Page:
In case you recently updated your phone to new software and the battery-related issues manifested themselves immediately afterwards, it is likely that this is caused by the new firmware and not the battery itself. In such a scenario, it’s better to just wait for the brand to release a fix.
How do I calibrate the battery on Android smartphones?
The process described below applies to all Android smartphones. If you have a Samsung device, click here.
- Fully discharge your phone until it turns itself off.
- Turn it back on and let it turn itself off.
- Plug your phone into a charger and leave it to charge without turning it on until the indicator on the screen or LED shows 100 percent.
- Unplug your charger.
- Turn on your phone. It’s likely that the battery gauge doesn’t show 100 percent, so plug the charger back in (leave your phone on) and continue charging until it also shows 100 percent on the screen.
- Disconnect and restart your phone. If it doesn’t read 100 percent, reconnect the charger until the screen reads 100 percent.
- If you start it up without it plugged in, repeat this cycle until it shows 100 percent (or as close as you think it will come).
- Now let your battery discharge to 0 percent and let your phone switch off again.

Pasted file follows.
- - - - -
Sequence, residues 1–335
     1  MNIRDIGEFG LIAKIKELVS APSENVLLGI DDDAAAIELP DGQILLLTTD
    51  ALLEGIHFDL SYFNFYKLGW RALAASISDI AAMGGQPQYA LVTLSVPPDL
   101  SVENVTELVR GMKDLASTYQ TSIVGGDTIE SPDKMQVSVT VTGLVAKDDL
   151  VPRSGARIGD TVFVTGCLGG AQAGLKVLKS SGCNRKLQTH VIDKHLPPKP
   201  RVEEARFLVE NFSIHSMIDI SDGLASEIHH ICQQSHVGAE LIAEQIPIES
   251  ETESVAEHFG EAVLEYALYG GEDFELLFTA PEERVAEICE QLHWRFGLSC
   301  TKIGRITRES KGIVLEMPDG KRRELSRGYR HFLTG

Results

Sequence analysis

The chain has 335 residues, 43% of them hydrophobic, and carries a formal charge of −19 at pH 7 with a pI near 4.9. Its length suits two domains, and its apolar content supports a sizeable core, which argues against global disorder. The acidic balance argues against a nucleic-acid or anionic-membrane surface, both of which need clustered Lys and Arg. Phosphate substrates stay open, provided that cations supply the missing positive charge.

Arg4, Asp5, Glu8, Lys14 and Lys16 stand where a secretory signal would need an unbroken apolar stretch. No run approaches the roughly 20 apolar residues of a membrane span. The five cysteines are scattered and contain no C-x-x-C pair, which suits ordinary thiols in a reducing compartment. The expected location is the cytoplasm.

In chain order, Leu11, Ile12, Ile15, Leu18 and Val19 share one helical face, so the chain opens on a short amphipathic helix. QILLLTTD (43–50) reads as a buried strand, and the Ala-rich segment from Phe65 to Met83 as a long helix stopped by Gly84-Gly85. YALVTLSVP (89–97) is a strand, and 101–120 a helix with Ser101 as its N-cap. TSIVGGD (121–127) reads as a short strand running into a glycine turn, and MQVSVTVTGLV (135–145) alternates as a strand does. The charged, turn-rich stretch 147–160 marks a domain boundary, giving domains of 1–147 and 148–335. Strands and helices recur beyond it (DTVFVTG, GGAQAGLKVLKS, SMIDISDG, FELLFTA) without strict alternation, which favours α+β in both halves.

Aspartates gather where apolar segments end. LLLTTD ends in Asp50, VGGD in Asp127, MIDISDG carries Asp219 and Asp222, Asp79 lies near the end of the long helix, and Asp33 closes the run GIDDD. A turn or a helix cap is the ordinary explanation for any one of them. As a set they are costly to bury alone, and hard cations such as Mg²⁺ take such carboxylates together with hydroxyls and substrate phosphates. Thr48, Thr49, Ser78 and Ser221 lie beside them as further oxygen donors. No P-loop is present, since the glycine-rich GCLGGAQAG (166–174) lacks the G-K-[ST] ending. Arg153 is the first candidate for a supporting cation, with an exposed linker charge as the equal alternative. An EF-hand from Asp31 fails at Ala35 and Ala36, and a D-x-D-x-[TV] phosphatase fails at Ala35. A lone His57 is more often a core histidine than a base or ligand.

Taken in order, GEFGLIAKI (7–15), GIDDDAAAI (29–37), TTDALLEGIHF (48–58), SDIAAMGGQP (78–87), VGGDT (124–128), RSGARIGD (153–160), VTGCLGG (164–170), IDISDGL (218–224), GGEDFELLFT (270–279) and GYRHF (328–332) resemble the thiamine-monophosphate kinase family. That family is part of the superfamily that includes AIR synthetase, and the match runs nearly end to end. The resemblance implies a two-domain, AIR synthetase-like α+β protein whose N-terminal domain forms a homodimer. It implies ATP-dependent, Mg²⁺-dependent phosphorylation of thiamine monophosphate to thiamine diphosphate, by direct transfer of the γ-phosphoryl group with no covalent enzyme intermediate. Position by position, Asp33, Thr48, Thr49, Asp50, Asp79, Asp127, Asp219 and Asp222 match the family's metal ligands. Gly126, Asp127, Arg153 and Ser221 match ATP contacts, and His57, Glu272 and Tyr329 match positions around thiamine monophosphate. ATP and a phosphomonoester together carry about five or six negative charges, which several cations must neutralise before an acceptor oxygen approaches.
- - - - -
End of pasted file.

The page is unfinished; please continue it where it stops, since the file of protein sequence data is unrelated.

- Fully charge the battery one more time without interruption and you should have reset the Android system’s battery percentage.
How do I calibrate the battery of Samsung smartphones?
Samsung smartphones have an option called “Quick Reset” that technicians usually access to calibrate phones that are reporting inaccurate battery stats. Here’s how you can calibrate the battery of Samsung devices using this option.
- Use the smartphone until it reaches 5% and make sure your phone is not connected to the charger.
- Open the phone dialer app and enter the following code: * # 0228 #.
- A pop-up menu with a “Quick Start” option will appear.
- Press “Quick Start” and then “OK”.
- Wait for the display to turn on again and see if the battery level is low.
- Recharge the phone to 100%.
- Turn the phone off and on again, and then unplug the charger.
- Repeat these steps 2, 3 times
- Plug the career back in and the battery down to 100%, turn the phone back on and open the dialer and type: * # 9900 #.
- Scroll down to batterystats.bin reset and tap.
- Exit the menu and restart the phone.
Keep in mind that it is not recommended to do this process on a regular basis. Even if your battery is so empty that your phone won’t even turn on, your battery still has enough reserve charge to prevent system damage. But you don’t want to stab the tiger with a stick. Do this no more than every three months. If you need it more often, you have bigger problems.
In plain language: completely discharging a battery is bad for that. Trying to overcharge a battery is bad for it too. The good news is that battery charging turns off automatically when they reach their safe limit and there is always a bit of reserve, even if your phone won’t start. Again, only do this when really necessary as it will have a negative impact on battery life.
That’s it. Have you tried any of these methods to calibrate your battery? Do you know of an alternative way to fix battery problems? Let us know in the comments.
This article was last updated in June 2021. Older comments have been retained.